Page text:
I had the privilege of being a supervisor for a pair of interns this summer, for an organization I volunteer at. While some people may groan and fuss about having to watch a couple of college students all summer, I found it exceptionally rewarding.
Mostly because they were fresh faces with fresh perspectives on things in life. It was really great to get to know them as individuals and see where their strengths and talents lie.
For example, our first meeting we simply got to know each other and our personality types. We talked about our astrological signs, our Enneagram numbers and whether we side more on the introvert or extrovert side. So the first impression was that everyone understood where each person was, self-honestly, and from there I got to determine what type of work I could give them, where they could thrive.
Of course, this was a learning process, as I first started to give the male intern work on graphic design because he was more of the art type who had a love of the finer things in life. However, I saw that I was excluding the opportunity for the female intern to take on the job too, so I then decided to assign her some tasks with graphic design. I knew she and I discussed beforehand that she never really worked with graphics, but lo and behold, after much tinkering around, she designed some pretty amazing things and I think became proud of herself.
Eventually though as shit started to hit the fan between me and my co-founder in regards to finances and drama at the location we were at, I started to see our unit as a family. A family that needs to stay strong and stable amidst the turmoil going on. I soon started to see the interns as children. Where my co-founder and I were like the parents and that the emotions and shit we were experiencing towards things happening on the outside, could seep into our relationship with the interns.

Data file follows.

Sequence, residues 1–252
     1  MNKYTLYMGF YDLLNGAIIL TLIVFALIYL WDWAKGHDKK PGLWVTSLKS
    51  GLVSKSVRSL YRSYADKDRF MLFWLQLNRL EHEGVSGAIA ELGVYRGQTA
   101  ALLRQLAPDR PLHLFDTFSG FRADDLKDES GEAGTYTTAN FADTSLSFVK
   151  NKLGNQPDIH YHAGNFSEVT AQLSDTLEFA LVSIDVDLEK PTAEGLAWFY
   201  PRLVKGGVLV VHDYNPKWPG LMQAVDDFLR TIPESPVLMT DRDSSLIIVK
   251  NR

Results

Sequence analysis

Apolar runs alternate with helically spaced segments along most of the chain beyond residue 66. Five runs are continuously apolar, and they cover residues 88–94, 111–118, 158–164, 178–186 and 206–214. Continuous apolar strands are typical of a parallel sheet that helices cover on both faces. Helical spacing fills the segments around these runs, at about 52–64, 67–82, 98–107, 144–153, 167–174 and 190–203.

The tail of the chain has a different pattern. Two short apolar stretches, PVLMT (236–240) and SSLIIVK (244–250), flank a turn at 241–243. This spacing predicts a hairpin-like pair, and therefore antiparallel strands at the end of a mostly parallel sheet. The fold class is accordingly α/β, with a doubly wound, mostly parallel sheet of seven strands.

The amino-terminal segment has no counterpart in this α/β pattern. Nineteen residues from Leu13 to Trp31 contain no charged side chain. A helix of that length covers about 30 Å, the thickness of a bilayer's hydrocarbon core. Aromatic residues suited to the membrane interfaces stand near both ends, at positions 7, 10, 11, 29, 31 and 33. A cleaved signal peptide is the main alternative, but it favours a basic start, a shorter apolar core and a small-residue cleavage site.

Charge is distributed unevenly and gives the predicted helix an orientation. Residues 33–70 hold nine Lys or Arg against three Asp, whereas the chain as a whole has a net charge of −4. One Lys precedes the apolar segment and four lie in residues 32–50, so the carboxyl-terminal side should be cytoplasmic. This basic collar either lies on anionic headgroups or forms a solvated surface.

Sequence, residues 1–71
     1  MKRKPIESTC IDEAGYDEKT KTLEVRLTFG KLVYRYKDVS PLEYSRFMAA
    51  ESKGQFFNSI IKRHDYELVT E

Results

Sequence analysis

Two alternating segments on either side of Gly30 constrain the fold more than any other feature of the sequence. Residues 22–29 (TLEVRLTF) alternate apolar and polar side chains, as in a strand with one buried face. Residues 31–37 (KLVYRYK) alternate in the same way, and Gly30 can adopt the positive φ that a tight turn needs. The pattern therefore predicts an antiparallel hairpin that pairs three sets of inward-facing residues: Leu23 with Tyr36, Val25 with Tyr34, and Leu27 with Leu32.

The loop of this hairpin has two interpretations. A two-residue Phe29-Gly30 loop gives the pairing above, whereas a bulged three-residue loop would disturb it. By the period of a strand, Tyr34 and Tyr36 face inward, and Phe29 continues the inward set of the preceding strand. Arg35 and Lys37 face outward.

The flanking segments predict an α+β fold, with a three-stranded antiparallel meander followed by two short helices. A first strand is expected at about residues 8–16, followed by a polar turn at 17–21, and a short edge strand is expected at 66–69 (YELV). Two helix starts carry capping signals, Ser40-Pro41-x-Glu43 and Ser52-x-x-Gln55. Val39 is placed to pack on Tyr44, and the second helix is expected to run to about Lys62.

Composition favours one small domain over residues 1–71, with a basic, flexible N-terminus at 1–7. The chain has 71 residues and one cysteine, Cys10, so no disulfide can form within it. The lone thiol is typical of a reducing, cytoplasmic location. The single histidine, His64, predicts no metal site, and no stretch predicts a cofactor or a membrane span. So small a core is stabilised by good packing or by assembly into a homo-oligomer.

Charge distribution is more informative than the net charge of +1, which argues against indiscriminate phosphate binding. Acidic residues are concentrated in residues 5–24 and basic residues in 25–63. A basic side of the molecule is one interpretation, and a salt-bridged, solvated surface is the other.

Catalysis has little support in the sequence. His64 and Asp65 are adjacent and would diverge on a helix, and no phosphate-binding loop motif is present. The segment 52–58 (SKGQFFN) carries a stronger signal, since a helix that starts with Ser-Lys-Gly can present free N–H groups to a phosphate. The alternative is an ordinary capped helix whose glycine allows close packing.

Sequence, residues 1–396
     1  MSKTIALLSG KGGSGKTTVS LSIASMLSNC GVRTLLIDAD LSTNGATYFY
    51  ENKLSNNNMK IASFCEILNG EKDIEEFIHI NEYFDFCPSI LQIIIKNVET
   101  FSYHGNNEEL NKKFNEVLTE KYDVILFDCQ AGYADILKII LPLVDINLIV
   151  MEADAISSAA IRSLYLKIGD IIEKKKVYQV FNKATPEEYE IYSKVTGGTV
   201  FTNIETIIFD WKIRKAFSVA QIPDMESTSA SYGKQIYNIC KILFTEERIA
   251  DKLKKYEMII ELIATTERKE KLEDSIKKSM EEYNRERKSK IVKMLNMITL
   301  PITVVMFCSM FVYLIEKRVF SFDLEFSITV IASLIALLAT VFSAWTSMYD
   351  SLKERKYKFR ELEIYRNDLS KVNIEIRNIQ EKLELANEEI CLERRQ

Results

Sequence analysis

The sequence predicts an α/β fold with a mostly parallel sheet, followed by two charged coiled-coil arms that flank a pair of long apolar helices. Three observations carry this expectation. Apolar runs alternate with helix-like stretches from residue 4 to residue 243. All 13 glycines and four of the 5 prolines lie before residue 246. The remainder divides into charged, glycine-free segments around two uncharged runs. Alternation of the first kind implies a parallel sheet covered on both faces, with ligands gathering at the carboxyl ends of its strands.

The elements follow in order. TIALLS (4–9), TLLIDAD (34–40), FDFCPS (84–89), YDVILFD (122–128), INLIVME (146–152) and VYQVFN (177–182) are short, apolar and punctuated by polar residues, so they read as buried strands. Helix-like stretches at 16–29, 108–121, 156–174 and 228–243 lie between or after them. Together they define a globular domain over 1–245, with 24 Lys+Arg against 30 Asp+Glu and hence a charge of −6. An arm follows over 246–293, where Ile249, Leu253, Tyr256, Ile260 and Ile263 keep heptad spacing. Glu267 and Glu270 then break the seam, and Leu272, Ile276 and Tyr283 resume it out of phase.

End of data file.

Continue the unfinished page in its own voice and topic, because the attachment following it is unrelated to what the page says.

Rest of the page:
Eventually, it got to the point where I had to became the sole ‘parent’ or person who had to keep everything together and became entirely responsible for the ‘kids’/interns. It was no fun and I still have to deal with reactions with this point, but I could really see the intrinsic responsibility that comes forth when you allow people to work with you and walk with you in your life, that you see every day. That they (the interns) started to pick up on subtleties and changes going on between me and my co-founder and started to ask about it.
I then took the liberty of being honest and direct with what was going on behind the scenes, in a way that didn’t reveal everything but enough for them to understand the stuff that can happen in an organization. And from this, I also realized the importance of the co-founders needing to stick together, but also the truth that: running a business or organization with a friend may not be the best idea. It certainly is not working for me.
I also realized for myself, after many mistakes, that I am best to do projects alone, by myself, being my own boss and CEO. This has inspired me to take on a new venture/project that is currently in the making, that is more aligned to me. Where no one is boss except me.
So, to sum this all up – when you take responsibility for a set of interns, my suggestion is to realize you are responsible for them in a way, similar to a parent, in that they do look up to you for guidance and instruction. They still have a lot of learning in life (as we all do), but since you are the supervisor, you need to consider who you are, your actions, and how you handle things – especially when shit hits the fan. Would you like the interns to take on these characteristics you’ve been displaying and have them apply it later in their life? Because that’s how supervisors are supposed to act?
For example, when shit hits the fan are you going to freak out in front of everyone or are you going to sit down and start brainstorming for solutions? This is what I had to do because I had no choice. I could not show the interns that being and feeling defeated in the face of the system and giving up on the organization is the way to go. You have to keep moving on until you tested all options and see that it is best in the end. Overall it’s important that you show your interns, or whoever is with you, to not give up. Even if that means you have to take on a load for a while until things settle down.
I could not have come to such stability and drive for solutions if it were not for the Desteni tools and community. I truly believe walking my process with them made me become a more pragmatic, practical, less emotional, and commonsensical person.
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